Put the WORLD back in World Diabetes Day


Proud to be supporting this campaign for World Diabetes Day during Diabetes Awareness Month. Every person deserves a chance at life in my view; in living with diabetes, every person should have access to insulin in order to take that chance.

Full respect to T1International and The Pendsey Trust for uniting the world and standing up where it counts!

It is 2014. This means that 92 years ago, I believe, Dr Frederick Banting founded the discovery of insulin, in being able to inject the hormone into the body. He’s finding changed the world for the good, meaning that being diagnosed with diabetes was no longer a death sentence. With insulin, we can live! For that reason, come the eve of the 14th I shall toast a beer in Dr Fred’s honour. However, 92 years after the discovery of insulin… why in the current day are there so many areas of the world where human-beings with diabetes struggle for access to it!!!???

Forget any recent media talk of ‘a cure‘ – a cure is already as close as out there, in my opinion; I have insulin access and the education and experience to know how to take control! Sure type 1 diabetes management on a daily basis is very challenging, but I can get by. I can get by and run the length of the United Kingdom in 30 days in the process! I can get by and run 29 miles in 3 hours and 1 minute! I can get by and achieve anything I set my mind to do, diabetes adds to the challenge but also to the motivation. The essential reason I can do all that I can, is because I have access to the resources I need for my health. I believe EVERY person with diabetes should have that same opportunity too, before we can talk anything regarding a cure that isn’t here yet.

The biggest positive with diabetes for me is all the people in the world I have met with it. That is not a good thing in the sense they each have or are affected by diabetes, but in terms of the community we have – we are an army. We are a force. A lot of the wrongs in the world, in my opinion, comes down to money. As a global community in diabetes, we can rise above these challenges we face by uniting together in all regions of the Earth; we ARE the driving factors toward making a change so that our DiA-brothers and DiA-sisters, wherever in the world, can live life to the fullest too.

A lot of people often ask me What is next? In terms of my DiAthlete adventures. At this point there are no guarantees as to what next for me, but know this, I INTEND TO RUN AROUND THE WORLD. I intend to do this in 80 ‘blue circle’ marathons, hosting 80 diabetes community events and recording one almighty and truthful diabetes global documentary. With a team of DiA-legends involved, possibly you, we just need to get the sponsorship… and then make a big change to the world.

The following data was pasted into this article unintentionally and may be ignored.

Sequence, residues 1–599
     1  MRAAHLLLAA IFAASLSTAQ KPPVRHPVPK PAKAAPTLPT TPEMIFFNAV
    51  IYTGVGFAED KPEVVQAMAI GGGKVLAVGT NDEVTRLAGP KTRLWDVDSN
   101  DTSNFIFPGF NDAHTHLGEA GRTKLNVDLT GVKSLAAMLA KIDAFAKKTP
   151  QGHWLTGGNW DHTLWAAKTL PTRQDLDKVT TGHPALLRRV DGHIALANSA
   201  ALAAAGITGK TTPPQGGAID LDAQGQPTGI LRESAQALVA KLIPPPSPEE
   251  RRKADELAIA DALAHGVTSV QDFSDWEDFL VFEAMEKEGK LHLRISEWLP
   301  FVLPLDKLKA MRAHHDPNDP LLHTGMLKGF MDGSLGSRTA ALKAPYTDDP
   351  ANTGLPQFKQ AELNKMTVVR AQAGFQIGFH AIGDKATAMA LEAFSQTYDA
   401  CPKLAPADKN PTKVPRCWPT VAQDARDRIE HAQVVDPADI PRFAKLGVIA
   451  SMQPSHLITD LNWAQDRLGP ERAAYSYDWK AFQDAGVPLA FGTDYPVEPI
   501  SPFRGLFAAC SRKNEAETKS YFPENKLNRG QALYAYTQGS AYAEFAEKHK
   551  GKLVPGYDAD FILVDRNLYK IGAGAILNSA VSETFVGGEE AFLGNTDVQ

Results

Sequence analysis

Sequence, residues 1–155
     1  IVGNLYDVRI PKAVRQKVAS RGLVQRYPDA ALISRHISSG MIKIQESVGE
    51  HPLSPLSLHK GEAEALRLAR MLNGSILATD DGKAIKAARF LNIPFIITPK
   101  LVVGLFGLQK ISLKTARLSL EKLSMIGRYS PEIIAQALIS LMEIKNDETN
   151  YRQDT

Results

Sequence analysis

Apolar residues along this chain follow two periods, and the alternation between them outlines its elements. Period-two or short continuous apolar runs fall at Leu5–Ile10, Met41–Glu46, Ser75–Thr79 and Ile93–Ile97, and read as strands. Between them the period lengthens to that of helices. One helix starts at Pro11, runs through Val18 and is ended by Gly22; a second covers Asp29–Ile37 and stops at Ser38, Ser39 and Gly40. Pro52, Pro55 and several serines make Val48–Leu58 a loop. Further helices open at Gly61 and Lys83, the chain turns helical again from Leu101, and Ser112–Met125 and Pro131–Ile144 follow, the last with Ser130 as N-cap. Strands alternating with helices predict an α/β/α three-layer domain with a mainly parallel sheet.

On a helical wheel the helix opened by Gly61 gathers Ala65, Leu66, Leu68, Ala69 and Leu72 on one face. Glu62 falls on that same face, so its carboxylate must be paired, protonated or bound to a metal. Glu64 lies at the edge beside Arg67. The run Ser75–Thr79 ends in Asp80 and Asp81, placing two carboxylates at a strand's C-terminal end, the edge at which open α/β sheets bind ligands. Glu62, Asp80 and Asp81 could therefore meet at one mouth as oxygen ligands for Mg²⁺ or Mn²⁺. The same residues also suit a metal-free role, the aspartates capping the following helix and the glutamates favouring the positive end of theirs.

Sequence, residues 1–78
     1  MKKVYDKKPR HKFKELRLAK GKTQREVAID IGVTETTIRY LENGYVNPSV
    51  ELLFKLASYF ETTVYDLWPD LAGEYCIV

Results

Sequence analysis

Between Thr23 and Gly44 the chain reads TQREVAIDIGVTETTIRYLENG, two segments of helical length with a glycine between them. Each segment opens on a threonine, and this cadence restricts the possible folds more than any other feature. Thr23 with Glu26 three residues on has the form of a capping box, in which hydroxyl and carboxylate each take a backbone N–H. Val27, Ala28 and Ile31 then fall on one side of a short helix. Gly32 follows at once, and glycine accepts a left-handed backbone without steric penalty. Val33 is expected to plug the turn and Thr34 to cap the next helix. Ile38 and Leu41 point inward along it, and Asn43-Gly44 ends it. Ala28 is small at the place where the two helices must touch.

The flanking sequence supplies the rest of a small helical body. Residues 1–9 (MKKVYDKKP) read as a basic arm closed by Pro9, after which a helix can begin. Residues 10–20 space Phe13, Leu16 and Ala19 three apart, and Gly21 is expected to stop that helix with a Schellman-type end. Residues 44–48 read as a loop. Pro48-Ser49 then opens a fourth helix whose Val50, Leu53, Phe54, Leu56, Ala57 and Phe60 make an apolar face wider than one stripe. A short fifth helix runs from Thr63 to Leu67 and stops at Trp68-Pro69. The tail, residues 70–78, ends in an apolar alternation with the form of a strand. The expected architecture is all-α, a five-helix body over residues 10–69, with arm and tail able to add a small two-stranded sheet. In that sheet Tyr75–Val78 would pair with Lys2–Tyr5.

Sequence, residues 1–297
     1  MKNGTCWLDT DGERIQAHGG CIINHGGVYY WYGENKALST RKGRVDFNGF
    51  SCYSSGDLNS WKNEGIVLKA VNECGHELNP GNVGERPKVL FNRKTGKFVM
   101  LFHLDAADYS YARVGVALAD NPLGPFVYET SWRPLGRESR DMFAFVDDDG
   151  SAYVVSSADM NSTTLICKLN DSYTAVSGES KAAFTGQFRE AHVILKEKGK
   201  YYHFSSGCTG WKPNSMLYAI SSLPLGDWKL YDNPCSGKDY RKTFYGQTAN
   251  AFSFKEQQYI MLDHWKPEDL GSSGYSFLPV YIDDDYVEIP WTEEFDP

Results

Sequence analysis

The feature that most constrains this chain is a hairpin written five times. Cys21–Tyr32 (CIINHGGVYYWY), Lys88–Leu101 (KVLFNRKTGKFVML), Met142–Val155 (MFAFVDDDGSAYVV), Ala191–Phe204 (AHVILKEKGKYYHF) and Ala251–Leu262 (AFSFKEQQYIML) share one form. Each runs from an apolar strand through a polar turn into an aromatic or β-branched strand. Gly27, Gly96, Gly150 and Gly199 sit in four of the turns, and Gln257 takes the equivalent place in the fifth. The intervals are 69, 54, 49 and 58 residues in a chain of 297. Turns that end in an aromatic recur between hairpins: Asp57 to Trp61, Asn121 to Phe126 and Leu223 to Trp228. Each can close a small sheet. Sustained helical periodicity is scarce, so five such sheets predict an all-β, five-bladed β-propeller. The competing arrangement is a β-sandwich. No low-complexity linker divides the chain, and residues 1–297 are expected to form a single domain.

I always fulfil my intentions!

Happy World Diabetes Day everyone, in celebration of insulin. May one day, soon, we each have simple access to it, with the education and support required to live healthy and live our DiA-lives to the fullest. Together let’s fight this battle.

My sincerest thanks to both Ana and Jenn for supporting. I owe you both a beverage!

Serbian Tennis Sensation, World No.5 in the Rankings, Ana Ivanovic showing support for the diabetes cause on World Diabetes Day!!! #Insulin4All

Professional Pool player from the United States, Jennifer Barretta, showing her support for World Diabetes Day! #Insulin4All

Put the WORLD back in World Diabetes Day. See the Campaign by clicking right here!


Diabetes Abroad!

There’s been plenty of travels for me throughout this year and I’ve LOVED IT. More please. On my travels I have experienced a diverse range of cultures, which brings a diverse selection of food. A great part of life is to eat, in my view, we have to eat in order to survive – it doesn’t take a genius to figure that out. And in being someone who likes to enjoy life, I enjoy eating! In living with type 1 diabetes, however, there is that issue of WHAT EXACTLY AM I EATING!!?

We need to know what goes in our body in order to counteract it and take control, having the correct insulin intake for both the meal and our bodies. With diabetes we are continuously making key decisions on a daily basis and finding the right formula for our health.

I’ve recently returned from a Euro Trip, this was no DiA-running adventure, just a calm little break – kind of. In the space of 11 days we ventured to Munich, Graz (Austria), Maribor and Ljubljana (Slovenia) and Venice. Before that I had recently returned from the U.S.A tour, which included 7 marathons in 7 days. The challenge there gives me a good excuse to eat more… you tend to lose weight running 180+ miles! In the States I went to New York City, Long Island, Minneapolis, Miami, San Diego and San Francisco. Earlier in the year I also have been to a few places such as Bilbao in Spain and Val D’isere, France.

As someone who is on MDI (Multiple Daily Injections) I need to inject the right amount for carbohydrates in my meals. In order to do this, you need to know (or at least have an idea) of what is in the meal. This is a challenge, for example, when the menu you read is in another language and you aren’t exactly sure what you are getting…

German MenuOr if there is a 4 course set meal being dished out and the waiter doesn’t speak your language very well. This happened in Slovenia. I was fortunate to be there, coincidently, for their week of restaurants. So it was a value meal at a good price with a choice of either the Meat or the Fish menu. Course by course came out and to this day I still do not know what the hell I ate!

Put it this way, the one thing I was aware about was the dessert. It was a vanilla., chocolate and… vegetables dish.

The mistake I made was guessing that four courses would be a lot to eat and injecting 8 units – anticipating 2 units per plate. From what I gathered, there was not much carbohydrates in the meal. This meant I dug into the bread.